Trichothecenes (mainly T-2 toxin, H T-2 toxin, DAS and DON) are the most caustic mycotoxins for intestinal surfaces, but moniliformin and fumonisins are highly toxic too (Murugesan, 2013).
Trichothecenes are cytotoxic, interfere with protein synthesis and also are able to stop cell profileration, causing erosions in mouth, esophagus, gizzard/stomach and intestines. In small intestine, T-2 is able to produce necrosis of the villi, reducing nutrient absorption. Refusal to consume contaminated feedstuff is the typical sign of fusariotoxicosis. Pigs may also show vomiting.
Fumonisins and moniliformin toxicity is relevant in oral epithelium, as they are able to dissolve the protoplasm of the cells of mouth mucosa.
As a secondary effect of such caustic effect, mycotoxins (DON, T-2 and zearalenone) increase the permeability of enterocytes and reduce the secretion of mucus that covers digestive , reducing the barrier function of intestine. (Obremski et al, 2008; (Montagne et al., 2004). The presence of Fusarium mycotoxins (trichothecenes, zearalenone and fumonisins) make the animals more susceptible to coccidia, E.coli and Salmonella sp. (Vandenbroucke et al, 2011; Oswald et al, 2003; Girgis et al, 2010).
It becomes easier for toxic substances and pathogenic microorganisms to enter the bloodstream and induce general intoxications or infections.
4) IMPAIRING NUTRIENT ABSORPTION
Mycotoxins impair the absorption of nutrients in intestine by blocking the transportation of substances from intestinal lumen into bloodstream:
- Glucose absorption is decreased by DON and ochratoxin A (Maresca et al, 2002). Glucose is the main source of energy in the animal.
- DON impairs the absorption of amino acids (Maresca et al, 2002).
5) Interference with metabolism of nutrients and pharmacologicals
Mycotoxins alter the metabolism of various nutrients and drugs once they have been absorbed:
- Aflatoxins and fumonisins interfere in fat metabolism and favor the accumulation of fat in liver (Siloto et al, 2013).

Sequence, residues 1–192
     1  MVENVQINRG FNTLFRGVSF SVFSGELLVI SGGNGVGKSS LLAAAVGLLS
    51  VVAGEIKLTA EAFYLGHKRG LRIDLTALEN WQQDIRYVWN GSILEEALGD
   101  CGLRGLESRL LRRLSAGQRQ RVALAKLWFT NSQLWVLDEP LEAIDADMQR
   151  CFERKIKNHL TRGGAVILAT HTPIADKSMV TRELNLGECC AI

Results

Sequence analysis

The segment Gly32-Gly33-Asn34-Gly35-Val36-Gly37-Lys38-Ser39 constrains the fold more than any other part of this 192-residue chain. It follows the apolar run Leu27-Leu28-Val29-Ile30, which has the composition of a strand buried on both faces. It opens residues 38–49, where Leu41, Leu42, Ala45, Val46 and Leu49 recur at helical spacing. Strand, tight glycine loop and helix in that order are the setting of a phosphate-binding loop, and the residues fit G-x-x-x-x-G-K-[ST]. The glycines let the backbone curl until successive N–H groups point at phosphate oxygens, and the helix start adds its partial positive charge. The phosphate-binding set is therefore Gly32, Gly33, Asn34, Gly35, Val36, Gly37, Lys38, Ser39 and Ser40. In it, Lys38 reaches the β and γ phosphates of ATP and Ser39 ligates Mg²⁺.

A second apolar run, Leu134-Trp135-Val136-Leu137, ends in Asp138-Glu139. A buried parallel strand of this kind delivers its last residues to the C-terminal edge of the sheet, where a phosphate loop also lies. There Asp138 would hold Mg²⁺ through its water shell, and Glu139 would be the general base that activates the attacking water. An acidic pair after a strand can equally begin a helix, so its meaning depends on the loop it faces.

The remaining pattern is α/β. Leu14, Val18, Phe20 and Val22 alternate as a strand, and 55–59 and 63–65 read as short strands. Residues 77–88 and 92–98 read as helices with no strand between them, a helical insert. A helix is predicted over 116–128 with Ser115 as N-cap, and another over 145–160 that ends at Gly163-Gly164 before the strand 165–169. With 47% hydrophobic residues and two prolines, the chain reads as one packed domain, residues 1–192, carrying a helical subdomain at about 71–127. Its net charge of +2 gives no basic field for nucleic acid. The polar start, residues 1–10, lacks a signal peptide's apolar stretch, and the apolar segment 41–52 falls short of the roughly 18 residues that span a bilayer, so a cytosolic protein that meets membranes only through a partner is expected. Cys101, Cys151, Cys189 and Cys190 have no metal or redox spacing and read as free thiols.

- Trichothecenes, zearalenone (ZEN) and fumonisins interfere with protein synthesis in different ways (Smith, 1982).
- Aflatoxins and T-2 reduce the levels of B group vitamins and vitamin E in plasma (Bains, 2002)
- Many mycotoxins (zearalenone, T-2) inhibit functioning of cytochrome P450, a group of enzymes involved in the metabolism of many pharmaceuticals (ionophore antibiotics, fluoroquinolones, enrofloxacion, etc). (Goosens et al, 2013)
6) Effect on intestinal flora
In ruminants, mycotoxins are metabolized, and in many cases detoxified, by rumen flora.
In monogastrics, the effect of mycotoxins on intestinal microbiota is not clearly understood yet, but, as mycotoxins have antibacterial activity, presumably can cause imbalances in intestinal microbial populations. In fact, it has been observed that DON can increase the count of aerobic bacteria (Wache et al, 2009) and that can promote the growth of a group of species related to chronic intestinal inflammation (Saint-Cyr et al, 2013).
In contrast, some identified intestinal bacterial strains that promote metabolism, binding or detoxification of mycotoxins, such as some lactic acid bacteria.
Digestive system is the main site for the toxic effects of mycotoxins that, 6 possible mechanisms of action, impair feed use and cause huge economical losses, even at concentrations below the limits set by health authorities.
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- On onset of mycotoxicosis, administering a vitamin solution might be helpful.
- In case of mycotoxicosis by aflatoxin contamination, increasing the protein content of feed may help to restore normal growth and productivity.
- Prevent mold contamination from the field where the cereal/oilseed grows until the farm.
- Build a HACCP program to avoid contaminated feedstuff from entering your feed production system.
- Pay attention to farm’s environment. Many times molds and mycotoxins come from too wet bedding.
Literature of the article available on request